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Electric Scooters banned from Goodale, Franklin, and Schiller parks – The Columbus Dispatch

Columbus residents can now add Goodale, Franklin and Schiller parks to the list of places where electric scooters are no longer allowed.
Due to concerns related to pedestrian safety and reckless use of scooters, the Department of Public Service is working with scooter vendors to implement “geofences” in these parks. Geofences, also known as no-ride zones, are digital zones where these scooters will not operate. 
While in no-ride zones, scooters’ acceleration will be turned off and they will display an alert on their screen. They can still be moved by foot, and the ride cannot be ended until the scooter is moved outside the zone. 
Electric scooters have already been banned in the Short North arts district, on High Street between Fifth Avenue and Goodale Street. There has also been a no-ride zone along the Scioto Mile since soon after electric scooters were permitted by the city in 2018.
Columbus Public Service worked with the Department of Public Safety and the Division of Police to establish geofences when concerns arise, a city spokesman said.
Glenn McEntyre, spokesman for the city’s Department of Public Safety, said police received safety concerns related to scooters and large crowds gathering at Bicentennial Park, which is part of the Scioto Mile.
“These gatherings involved large numbers of scooters, including people riding recklessly in the area, creating safety concerns for pedestrians,” he said.
McEntyre said that as Columbus Police began looking into these concerns, they began receiving complaints about similar behavior pertaining to scooters in Goodale, Franklin and Schiller parks.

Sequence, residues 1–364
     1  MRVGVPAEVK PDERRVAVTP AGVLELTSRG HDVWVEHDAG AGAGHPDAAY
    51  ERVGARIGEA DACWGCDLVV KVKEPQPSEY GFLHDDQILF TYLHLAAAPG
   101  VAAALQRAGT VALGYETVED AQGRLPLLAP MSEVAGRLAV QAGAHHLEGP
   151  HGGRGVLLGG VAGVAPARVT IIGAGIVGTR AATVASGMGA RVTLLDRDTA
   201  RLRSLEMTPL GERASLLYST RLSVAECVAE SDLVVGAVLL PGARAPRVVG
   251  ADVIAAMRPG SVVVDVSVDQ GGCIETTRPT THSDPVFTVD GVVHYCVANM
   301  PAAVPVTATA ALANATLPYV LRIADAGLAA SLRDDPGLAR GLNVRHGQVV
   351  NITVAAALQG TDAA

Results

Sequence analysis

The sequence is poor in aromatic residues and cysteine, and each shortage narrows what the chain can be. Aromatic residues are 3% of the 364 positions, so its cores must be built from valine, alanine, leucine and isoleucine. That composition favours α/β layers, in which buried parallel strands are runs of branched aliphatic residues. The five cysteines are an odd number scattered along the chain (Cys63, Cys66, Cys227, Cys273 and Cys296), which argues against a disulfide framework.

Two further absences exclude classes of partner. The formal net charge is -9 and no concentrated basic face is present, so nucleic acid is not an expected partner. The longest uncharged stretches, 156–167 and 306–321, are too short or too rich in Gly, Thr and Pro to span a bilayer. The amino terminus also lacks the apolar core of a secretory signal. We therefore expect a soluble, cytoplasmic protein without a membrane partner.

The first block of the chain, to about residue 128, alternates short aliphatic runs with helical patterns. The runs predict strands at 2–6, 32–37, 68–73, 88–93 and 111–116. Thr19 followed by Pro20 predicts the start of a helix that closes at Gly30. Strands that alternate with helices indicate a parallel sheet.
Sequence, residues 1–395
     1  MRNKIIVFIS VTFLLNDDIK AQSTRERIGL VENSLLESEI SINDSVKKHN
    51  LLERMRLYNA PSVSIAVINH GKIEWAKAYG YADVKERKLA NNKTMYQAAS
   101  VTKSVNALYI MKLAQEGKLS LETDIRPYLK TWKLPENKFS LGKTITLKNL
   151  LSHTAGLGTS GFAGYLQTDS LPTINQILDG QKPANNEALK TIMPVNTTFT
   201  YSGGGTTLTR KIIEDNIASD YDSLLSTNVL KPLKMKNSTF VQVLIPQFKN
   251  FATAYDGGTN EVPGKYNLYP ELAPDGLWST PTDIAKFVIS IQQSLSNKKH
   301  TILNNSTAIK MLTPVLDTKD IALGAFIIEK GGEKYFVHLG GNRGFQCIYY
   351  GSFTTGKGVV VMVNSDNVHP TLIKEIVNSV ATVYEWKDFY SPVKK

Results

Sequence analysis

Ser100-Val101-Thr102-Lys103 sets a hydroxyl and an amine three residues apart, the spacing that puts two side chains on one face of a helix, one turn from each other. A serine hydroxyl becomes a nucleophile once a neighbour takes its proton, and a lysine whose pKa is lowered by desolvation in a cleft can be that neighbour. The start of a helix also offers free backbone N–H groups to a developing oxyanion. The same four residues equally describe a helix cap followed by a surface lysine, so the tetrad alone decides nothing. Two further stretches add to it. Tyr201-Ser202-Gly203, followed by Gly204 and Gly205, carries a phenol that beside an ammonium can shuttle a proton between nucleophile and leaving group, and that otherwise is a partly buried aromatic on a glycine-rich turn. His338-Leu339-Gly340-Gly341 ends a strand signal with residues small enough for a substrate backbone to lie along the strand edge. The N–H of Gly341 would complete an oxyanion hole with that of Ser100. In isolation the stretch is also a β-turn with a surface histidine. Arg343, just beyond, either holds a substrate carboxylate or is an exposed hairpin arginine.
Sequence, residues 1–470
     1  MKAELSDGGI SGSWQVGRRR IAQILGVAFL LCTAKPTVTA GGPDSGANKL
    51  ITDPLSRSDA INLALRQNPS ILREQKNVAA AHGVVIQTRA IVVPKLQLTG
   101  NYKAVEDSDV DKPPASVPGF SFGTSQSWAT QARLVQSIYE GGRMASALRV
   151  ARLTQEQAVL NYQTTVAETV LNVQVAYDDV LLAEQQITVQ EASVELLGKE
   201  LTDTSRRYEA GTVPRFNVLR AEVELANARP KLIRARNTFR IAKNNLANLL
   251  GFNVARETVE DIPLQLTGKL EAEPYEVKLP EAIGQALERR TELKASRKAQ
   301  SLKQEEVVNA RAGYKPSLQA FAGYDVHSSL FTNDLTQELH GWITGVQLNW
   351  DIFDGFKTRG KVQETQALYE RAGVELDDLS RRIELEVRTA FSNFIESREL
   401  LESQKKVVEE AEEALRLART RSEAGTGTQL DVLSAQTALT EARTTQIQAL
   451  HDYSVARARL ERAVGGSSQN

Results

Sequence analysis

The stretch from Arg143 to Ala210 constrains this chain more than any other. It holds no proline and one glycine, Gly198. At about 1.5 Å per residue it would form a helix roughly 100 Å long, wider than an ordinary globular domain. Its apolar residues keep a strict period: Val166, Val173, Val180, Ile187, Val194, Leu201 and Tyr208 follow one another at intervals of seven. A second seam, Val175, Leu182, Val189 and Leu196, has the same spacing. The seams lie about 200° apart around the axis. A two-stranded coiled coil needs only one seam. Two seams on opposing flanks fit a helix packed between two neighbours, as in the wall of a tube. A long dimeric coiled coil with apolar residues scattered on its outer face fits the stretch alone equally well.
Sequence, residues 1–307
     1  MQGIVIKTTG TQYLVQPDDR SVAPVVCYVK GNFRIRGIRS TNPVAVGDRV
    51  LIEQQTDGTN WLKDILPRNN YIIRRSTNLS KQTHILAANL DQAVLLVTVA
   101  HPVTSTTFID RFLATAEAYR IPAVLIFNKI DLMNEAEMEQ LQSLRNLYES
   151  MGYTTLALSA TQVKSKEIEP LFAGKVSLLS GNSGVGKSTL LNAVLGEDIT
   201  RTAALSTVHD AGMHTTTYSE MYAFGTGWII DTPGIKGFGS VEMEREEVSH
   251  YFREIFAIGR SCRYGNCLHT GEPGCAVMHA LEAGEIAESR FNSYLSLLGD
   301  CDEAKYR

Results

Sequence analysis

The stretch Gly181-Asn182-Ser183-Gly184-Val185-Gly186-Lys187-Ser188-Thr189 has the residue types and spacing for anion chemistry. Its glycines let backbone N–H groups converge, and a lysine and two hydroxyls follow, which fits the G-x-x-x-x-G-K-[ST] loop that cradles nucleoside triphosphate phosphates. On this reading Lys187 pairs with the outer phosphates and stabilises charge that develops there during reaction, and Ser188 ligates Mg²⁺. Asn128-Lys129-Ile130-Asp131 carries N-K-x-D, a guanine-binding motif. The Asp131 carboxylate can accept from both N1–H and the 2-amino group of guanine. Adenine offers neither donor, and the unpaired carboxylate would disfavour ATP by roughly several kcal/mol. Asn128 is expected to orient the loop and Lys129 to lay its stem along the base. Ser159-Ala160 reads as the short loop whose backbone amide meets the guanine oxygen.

More:Electric scooter laws in central Ohio
Guy Piazza, 81, frequents both Goodale and Schiller parks, and doesn’t see much harm in electric scooters when used safely.
“I think they’re kind of cool to have. The only thing that bothers me is I see a lot of really young kids, like 10 years old, and I’m wondering where they’re getting those,” he said. “There’s something wrong with young kids getting on those scooters. Because of that, they’re going to get a lot of complaints.”
All “shared mobility device” vendors must receive a lease and a permit and are subject to rules and regulations by Columbus Public Service. Regulations require that vendors provide the city with data such as the locations of scooters and the number of daily users.
Related: Columbus bans e-scooters on High Street in Short North, citing safety concerns
A spokesperson from Bird, one electric scooter company, said that “it’s not a particularly time-intensive process” to expand geofencing.
“We were happy to work with the city to accommodate the request,” the spokesperson said. “It’s something that our operations team will implement,” they said.
Shared electric scooters have been controversial since their inception, and more restrictions may be possible in the future. Many agree that time will tell if good geofences make good neighbors.
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